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Honda Civic Si vs. VW GTI



  • The GTI is awesome! My friend has a 2001 GTI 1.8T and its pretty fast.
    Can we please get Neons and the Focus out of this conversation. I don't see how they can compare to a GTI!
  • Did you drive the Si? I love the shifter in it.
  • Hi all,
    For those who interested in buying a Si or GTI, please re-think your position of which one to get. Because the Honda Si are on BIG discount at $16,000. It only FYI.
  • I'm not really a huge fan of VTEC anyway since the large majority of their high-powered engines i.e. the S2000 and the older Si's are not powerful until you get them over 6500 RPM. I prefer to have usable power and that's what I get in my '02 GTI 1.8T. The newer Si engine has as much HP as before, it does make more low-end torque, though the GTI will still beat it when it comes to torque. The styling of the new Si's is also horrid. To me they look like squashed minivans, especially since the windshield and the hood are nearly at the same angle. If I had to buy an Si, it would have been a 2000 model since I think those were the better looking version. But, I'd still be able to beat it quite handidly with my GTI.
  • Try talking chipped GTI 1.8t - I APR'd my 02 plus a couple other little tweaks for 235 lb ft of torque and 220 or so HP - Shweeeeet!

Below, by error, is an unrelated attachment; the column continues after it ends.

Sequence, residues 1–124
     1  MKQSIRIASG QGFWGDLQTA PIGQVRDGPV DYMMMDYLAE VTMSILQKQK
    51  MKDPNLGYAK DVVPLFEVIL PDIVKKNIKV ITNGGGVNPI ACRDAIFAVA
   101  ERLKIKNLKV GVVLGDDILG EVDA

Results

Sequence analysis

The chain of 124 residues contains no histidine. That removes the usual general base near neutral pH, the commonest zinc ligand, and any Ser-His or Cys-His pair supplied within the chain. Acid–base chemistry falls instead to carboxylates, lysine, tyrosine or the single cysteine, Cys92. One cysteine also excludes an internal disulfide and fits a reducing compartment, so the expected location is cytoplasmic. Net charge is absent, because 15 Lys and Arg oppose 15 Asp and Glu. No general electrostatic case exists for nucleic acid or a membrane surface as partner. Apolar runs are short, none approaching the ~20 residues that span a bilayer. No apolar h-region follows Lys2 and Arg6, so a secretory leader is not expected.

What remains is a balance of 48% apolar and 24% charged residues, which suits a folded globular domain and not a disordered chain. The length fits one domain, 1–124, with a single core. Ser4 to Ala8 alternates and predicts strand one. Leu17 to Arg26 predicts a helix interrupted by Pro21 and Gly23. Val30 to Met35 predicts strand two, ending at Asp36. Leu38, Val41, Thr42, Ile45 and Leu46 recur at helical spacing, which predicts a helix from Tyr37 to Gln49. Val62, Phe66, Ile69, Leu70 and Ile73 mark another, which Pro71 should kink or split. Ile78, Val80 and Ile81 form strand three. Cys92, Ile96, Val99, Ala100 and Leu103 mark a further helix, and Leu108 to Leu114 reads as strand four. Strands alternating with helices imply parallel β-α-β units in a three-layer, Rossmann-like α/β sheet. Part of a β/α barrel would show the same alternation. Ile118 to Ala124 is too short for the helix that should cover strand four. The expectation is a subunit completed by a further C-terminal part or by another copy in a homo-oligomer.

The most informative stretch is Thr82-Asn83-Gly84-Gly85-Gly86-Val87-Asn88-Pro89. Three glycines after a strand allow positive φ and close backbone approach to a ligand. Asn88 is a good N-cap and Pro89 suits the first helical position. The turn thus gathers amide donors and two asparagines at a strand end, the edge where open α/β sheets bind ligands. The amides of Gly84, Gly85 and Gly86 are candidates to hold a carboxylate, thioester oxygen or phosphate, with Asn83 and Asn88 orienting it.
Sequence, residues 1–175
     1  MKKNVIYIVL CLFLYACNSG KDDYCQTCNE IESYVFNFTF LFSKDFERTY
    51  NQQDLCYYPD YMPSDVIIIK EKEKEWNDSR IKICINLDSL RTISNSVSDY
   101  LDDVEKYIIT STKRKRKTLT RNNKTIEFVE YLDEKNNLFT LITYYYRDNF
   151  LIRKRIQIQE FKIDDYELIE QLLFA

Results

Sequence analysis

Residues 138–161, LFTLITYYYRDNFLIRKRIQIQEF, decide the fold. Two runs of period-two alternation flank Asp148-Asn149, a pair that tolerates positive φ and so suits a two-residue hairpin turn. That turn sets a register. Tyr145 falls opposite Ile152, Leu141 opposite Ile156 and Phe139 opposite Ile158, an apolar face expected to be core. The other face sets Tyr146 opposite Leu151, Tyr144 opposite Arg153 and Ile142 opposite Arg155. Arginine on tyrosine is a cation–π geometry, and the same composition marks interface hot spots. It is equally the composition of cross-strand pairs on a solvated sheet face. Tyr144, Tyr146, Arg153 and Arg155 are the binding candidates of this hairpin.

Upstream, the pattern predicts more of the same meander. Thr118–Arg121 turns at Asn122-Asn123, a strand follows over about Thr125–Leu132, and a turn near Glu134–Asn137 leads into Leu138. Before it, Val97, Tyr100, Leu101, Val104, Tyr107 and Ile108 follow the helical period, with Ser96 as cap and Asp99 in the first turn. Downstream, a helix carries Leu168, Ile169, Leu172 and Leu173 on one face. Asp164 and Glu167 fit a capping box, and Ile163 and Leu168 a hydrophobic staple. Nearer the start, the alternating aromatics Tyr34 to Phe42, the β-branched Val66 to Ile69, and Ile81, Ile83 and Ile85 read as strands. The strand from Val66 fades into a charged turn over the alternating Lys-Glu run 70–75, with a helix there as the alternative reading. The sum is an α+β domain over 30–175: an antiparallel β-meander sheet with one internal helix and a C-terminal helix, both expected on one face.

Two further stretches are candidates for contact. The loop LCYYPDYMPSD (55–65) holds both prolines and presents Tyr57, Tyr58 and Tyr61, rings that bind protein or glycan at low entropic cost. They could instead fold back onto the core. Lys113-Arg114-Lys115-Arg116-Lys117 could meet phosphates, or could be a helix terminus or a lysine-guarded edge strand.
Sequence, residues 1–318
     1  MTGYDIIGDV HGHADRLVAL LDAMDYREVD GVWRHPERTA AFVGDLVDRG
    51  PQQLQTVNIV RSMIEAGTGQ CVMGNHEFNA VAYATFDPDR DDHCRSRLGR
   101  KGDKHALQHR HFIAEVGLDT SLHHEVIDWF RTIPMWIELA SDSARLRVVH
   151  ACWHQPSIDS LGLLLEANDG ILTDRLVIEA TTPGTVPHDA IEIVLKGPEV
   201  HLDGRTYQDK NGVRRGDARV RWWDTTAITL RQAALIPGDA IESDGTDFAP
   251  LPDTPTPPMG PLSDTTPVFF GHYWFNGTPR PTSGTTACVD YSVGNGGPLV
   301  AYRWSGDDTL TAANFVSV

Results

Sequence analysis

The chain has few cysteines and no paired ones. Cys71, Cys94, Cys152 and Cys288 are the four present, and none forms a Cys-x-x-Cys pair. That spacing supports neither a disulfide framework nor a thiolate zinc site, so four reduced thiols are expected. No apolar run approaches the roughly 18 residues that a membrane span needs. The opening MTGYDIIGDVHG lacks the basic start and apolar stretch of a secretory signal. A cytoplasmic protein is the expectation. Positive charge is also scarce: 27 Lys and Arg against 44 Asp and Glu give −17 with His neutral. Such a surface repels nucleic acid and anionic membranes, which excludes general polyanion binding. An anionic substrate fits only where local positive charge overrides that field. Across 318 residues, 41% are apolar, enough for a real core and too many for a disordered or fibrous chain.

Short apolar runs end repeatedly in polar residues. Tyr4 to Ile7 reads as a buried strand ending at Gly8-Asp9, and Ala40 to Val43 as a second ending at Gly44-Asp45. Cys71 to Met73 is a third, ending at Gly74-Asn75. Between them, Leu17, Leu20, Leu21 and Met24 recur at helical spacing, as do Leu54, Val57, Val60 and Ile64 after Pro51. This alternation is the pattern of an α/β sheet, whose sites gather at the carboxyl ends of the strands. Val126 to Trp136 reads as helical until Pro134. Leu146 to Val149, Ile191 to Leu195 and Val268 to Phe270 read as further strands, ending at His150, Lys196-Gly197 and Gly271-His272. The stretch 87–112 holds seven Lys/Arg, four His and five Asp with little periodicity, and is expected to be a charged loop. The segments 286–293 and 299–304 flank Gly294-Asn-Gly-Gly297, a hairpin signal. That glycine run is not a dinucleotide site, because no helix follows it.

I think the Si is a huge dud - I've seen one new Si in a parking lot, none on the street. The Honda dealer isn't deeply discounting them for nothing. Honda should have gone a little retro style, back to the late 80's Si's - those still look kinda nice. I do have to get out and test drive one just for grins.
  • moparbadmoparbad Posts: 3,868
    First I must say that I am a biased VW owner. I drove a Si for a day and it was really fun. At $19K for the Honda the GTI wins hands down. At $16 to $16,5K that the Si's are selling for in my area the Si is the one that would get my money. I loved the shifter design and the seating was very, very comfortable. Recaro comfortable. The size of the rubber is uninspiring but the handling is good, throw a set of 17's on it and it would be all good. The styling is nothing special but then the GTI has shoebox styling so neither of them is a work of art. You have to keep the revs up to keep the power going and it is fun with the shifter on the dash.
  • The stock GTI handles like a pig if you don't modify it. I don't think it would be much more fun to drive than the Si unless you are stoplight racing. Of course, the ability to up the boost on the turbo is another story. (cue rickrover)

    The Si isn't worth $19k, but I also don't think I would buy a GTI if I wasn't going to take it aftermarket.